7 Another example… To get directions to a location on the on- board map, the user says: Go here and Taps the display location within 200 ms. within 200 ms. (CNN photo)

8 Parsing the world Dynamic Predictive Memory Architecture (DPMA) Dynamic Predictive Memory Architecture (DPMA) KR and Semantic parsing KR and Semantic parsing Task execution and dialogue management Task execution and dialogue management complex, dynamic environments complex, dynamic environments Do similar techniques apply to … Do similar techniques apply to … multi-channel, asynchronous sensors? multi-channel, asynchronous sensors? multi-modal interface input? multi-modal interface input?

9 A Complex Event Recognition Architecture What assumptions are reasonable to make about the form of input data? What assumptions are reasonable to make about the form of input data? What useful general patterns are there in the data? What useful general patterns are there in the data? What recognition algorithms do we need? What recognition algorithms do we need?

10 NLP Assumptions Input to Natural Language Processing systems are typically assumed to be: Input to Natural Language Processing systems are typically assumed to be: Discrete events of one type (words) Discrete events of one type (words) Single channel Single channel Totally ordered by position; duration irrelevant Totally ordered by position; duration irrelevant timeflieslikeanarrow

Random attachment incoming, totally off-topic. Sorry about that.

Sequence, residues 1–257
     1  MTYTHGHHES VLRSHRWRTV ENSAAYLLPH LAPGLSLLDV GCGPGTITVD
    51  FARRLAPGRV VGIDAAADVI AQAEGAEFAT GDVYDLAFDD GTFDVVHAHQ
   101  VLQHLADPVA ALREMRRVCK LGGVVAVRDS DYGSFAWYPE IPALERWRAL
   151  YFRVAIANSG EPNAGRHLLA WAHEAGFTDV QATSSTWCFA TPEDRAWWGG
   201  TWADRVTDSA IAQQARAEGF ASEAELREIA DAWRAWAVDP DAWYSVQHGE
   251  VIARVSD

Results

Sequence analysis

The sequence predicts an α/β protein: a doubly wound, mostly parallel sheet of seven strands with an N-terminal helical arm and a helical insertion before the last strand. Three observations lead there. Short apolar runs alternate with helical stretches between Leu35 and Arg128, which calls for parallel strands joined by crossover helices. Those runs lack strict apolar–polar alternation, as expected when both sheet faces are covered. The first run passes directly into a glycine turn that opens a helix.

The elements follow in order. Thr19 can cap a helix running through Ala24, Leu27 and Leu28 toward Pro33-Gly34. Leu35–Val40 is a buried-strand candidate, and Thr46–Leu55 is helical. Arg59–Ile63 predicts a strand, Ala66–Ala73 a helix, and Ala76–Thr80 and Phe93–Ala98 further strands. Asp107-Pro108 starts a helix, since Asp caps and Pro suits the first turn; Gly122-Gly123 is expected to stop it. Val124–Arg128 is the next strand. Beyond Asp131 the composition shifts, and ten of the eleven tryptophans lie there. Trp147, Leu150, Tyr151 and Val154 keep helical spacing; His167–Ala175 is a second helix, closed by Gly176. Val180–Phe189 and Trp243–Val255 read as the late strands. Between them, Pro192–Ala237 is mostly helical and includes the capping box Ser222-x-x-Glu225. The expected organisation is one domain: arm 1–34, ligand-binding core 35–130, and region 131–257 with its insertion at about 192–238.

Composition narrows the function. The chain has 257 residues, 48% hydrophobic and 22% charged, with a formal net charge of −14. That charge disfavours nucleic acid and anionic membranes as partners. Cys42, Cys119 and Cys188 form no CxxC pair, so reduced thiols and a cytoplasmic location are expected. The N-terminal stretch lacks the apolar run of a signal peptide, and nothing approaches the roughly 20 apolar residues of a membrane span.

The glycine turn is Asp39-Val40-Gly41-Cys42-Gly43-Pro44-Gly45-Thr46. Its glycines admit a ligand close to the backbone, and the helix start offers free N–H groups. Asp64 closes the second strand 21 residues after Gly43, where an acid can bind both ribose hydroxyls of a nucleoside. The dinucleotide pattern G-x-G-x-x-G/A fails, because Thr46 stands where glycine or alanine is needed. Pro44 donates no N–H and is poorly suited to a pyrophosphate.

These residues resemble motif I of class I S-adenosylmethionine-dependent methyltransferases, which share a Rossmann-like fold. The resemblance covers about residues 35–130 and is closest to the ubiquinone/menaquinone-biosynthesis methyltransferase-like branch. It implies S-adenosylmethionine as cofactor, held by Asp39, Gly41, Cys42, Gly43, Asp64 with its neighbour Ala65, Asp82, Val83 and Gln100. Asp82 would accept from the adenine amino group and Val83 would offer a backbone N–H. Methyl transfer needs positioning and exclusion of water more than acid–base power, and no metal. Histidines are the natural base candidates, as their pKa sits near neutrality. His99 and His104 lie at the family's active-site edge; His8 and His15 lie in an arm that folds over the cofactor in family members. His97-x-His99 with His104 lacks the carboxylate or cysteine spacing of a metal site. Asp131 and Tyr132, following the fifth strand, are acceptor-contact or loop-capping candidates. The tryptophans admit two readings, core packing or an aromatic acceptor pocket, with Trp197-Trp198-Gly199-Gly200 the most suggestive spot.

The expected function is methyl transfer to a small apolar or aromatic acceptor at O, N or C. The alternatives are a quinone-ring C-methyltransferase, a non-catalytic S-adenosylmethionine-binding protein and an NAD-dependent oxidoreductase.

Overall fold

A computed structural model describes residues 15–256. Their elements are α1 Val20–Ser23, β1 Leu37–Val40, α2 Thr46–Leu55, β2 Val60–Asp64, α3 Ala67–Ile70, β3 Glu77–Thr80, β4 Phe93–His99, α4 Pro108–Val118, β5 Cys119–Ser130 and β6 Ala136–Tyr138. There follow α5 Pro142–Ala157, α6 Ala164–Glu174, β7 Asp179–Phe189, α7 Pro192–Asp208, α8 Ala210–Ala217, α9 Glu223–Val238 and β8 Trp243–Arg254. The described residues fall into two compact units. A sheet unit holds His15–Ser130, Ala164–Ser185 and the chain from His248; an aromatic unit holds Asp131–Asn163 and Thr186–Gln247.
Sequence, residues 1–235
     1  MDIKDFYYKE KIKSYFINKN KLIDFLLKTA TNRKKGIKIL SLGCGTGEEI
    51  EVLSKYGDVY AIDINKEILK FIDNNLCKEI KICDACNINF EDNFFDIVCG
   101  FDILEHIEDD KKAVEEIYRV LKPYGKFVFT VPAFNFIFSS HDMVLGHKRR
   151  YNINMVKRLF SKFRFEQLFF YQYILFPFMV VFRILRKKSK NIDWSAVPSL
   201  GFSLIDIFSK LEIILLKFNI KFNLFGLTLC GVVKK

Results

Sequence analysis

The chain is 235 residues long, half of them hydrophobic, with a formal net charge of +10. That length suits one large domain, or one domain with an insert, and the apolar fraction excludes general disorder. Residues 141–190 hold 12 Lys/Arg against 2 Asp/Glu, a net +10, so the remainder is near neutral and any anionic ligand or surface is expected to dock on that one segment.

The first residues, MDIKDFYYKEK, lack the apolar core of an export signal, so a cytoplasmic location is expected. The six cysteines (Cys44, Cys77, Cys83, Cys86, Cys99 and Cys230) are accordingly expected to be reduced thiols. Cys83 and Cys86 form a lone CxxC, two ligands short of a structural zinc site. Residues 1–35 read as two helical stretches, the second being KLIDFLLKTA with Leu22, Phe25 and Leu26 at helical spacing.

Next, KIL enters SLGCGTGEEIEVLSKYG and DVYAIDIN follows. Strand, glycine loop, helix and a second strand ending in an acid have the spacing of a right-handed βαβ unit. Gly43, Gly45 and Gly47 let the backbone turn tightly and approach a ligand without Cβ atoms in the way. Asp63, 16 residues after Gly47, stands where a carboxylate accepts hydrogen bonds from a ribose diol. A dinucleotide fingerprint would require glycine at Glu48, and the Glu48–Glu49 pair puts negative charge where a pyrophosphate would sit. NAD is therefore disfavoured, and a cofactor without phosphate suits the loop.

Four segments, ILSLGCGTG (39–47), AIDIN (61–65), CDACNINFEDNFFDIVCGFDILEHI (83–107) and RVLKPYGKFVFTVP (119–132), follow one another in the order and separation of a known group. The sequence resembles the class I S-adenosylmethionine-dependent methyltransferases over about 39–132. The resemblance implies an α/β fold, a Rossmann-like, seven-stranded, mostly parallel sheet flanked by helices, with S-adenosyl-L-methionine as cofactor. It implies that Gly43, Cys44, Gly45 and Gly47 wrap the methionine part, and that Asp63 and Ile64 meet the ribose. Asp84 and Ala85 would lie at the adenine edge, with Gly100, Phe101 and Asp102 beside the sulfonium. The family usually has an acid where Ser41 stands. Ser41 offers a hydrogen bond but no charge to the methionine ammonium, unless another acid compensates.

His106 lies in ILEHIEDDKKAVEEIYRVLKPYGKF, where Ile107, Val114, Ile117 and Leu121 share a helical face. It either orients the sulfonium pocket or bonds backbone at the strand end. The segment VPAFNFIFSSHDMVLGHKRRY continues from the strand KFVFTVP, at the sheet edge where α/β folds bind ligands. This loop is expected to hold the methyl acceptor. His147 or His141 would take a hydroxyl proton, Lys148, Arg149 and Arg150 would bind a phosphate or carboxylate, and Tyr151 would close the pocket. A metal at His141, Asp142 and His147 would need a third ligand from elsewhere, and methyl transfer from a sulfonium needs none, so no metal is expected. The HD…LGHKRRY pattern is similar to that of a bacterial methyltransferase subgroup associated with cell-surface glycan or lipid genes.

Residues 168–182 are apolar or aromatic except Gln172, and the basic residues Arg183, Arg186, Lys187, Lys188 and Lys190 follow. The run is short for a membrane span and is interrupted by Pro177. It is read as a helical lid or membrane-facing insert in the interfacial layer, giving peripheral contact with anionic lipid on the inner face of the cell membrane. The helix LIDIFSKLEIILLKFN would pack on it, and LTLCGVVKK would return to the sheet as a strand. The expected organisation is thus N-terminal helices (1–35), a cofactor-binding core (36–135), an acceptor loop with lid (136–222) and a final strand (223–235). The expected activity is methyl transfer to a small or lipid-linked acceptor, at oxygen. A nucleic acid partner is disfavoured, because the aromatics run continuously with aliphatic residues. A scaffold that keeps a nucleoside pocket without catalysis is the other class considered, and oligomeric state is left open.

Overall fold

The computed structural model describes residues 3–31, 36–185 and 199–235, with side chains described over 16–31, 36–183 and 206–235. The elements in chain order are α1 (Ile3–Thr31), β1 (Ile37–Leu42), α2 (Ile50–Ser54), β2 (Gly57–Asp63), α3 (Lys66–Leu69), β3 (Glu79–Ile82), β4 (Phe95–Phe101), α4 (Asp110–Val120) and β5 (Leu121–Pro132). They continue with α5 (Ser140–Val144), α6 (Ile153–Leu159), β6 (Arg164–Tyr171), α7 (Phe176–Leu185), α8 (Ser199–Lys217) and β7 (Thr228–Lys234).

11 More generally… Events of various types Events of various types Over multiple channels and asynchronous Over multiple channels and asynchronous Duration of event often important Duration of event often important Hierarchical model still useful Hierarchical model still useful putthesehere click and drag click and drag tap

12 Assumptions about Events Discrete: Individually distinict, non- continuous data (could be discretized). Discrete: Individually distinict, non- continuous data (could be discretized). Time-stamped: Event carries the start and end times (defining the event duration, which could be instanteneous). Time-stamped: Event carries the start and end times (defining the event duration, which could be instanteneous). Typed: Events form distinct types (e.g., words vs. taps). Typed: Events form distinct types (e.g., words vs. taps). Structured: Event may internal, hierarchical structure (complex). Structured: Event may internal, hierarchical structure (complex).